Effects of Herniated Disk
A herniated or cracked disc is a severe condition and it seems to happen most commonly in the lower back. It happens when a fraction of the soft centre gets pushed through the destabilized area due to degeneration, trauma or by putting pressure on the spinal cord.
Nerves are located precisely at the back of every disc and are responsible for controlling everything in our body. While a disc gets herniated, the external covering of the disc tears and creates a bulge. The soft jelly gets shifted from the centre of the disk to the region where the damage has occurred on the disc. Most commonly, the bulge occurs in areas where the nerve is located and it causes strain on the affected nerve. It has been observed that individuals do not feel any painful sensations even if their disc gets damaged.
When is Surgery Recommended for Herniated Disc?
Surgery for herniated disc is recommended only after options like steroid injections, pain relievers, exercise and non-steroid anti-inflammatory drugs do not work. If the pain persists even after these options, then it becomes important to go for surgery. There are certain risks involved in this surgery like infection, bleeding or nerve damage.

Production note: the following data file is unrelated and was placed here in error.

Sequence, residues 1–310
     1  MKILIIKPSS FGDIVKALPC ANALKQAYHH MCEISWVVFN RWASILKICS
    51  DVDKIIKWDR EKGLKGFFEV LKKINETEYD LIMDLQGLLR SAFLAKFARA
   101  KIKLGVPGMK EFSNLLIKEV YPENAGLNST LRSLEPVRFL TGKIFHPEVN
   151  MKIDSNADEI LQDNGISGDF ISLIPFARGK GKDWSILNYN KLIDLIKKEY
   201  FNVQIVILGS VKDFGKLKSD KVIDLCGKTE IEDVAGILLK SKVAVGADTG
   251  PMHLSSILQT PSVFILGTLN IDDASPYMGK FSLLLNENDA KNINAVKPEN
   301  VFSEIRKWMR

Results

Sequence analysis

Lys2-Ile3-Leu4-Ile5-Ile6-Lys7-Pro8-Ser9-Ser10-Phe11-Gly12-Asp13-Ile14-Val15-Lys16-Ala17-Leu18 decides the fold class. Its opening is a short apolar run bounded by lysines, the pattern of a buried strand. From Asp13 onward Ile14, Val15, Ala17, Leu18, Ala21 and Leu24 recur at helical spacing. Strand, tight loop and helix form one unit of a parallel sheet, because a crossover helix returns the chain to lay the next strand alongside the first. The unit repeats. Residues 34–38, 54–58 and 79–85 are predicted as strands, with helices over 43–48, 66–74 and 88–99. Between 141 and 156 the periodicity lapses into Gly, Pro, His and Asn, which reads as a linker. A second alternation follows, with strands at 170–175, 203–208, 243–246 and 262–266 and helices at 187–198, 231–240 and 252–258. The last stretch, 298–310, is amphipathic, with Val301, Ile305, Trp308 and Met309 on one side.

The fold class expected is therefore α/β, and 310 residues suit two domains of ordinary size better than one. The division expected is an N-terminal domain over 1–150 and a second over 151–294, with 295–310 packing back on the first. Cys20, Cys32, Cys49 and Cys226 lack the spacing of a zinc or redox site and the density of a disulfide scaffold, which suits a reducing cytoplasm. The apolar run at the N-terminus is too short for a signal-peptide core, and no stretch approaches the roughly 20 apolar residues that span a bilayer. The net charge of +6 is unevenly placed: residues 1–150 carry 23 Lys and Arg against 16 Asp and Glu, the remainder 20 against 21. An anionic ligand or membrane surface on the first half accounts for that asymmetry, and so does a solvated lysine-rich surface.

There are chances that the disc may get ruptured again if it is not removed. If you are a patient suffering from degenerative disc disease, then there are chances that problem occurs in other discs. It is very important that a patient maintains healthy weight to prevent any further complications.
The main factor that increases the risk of herniated disc is excess body weight, which causes a lot of stress on the lower back. A few people become heir to a tendency of developing this condition. Even individuals with physically demanding jobs are prone to this condition.
Activities like bending sideways, pushing, twisting, repetitive lifting can increase the risk of a herniated disk. At times, emergency surgery is also required to avoid paralysis in a patient. If you wish to discuss about any specific problem, you can consult an orthopedist.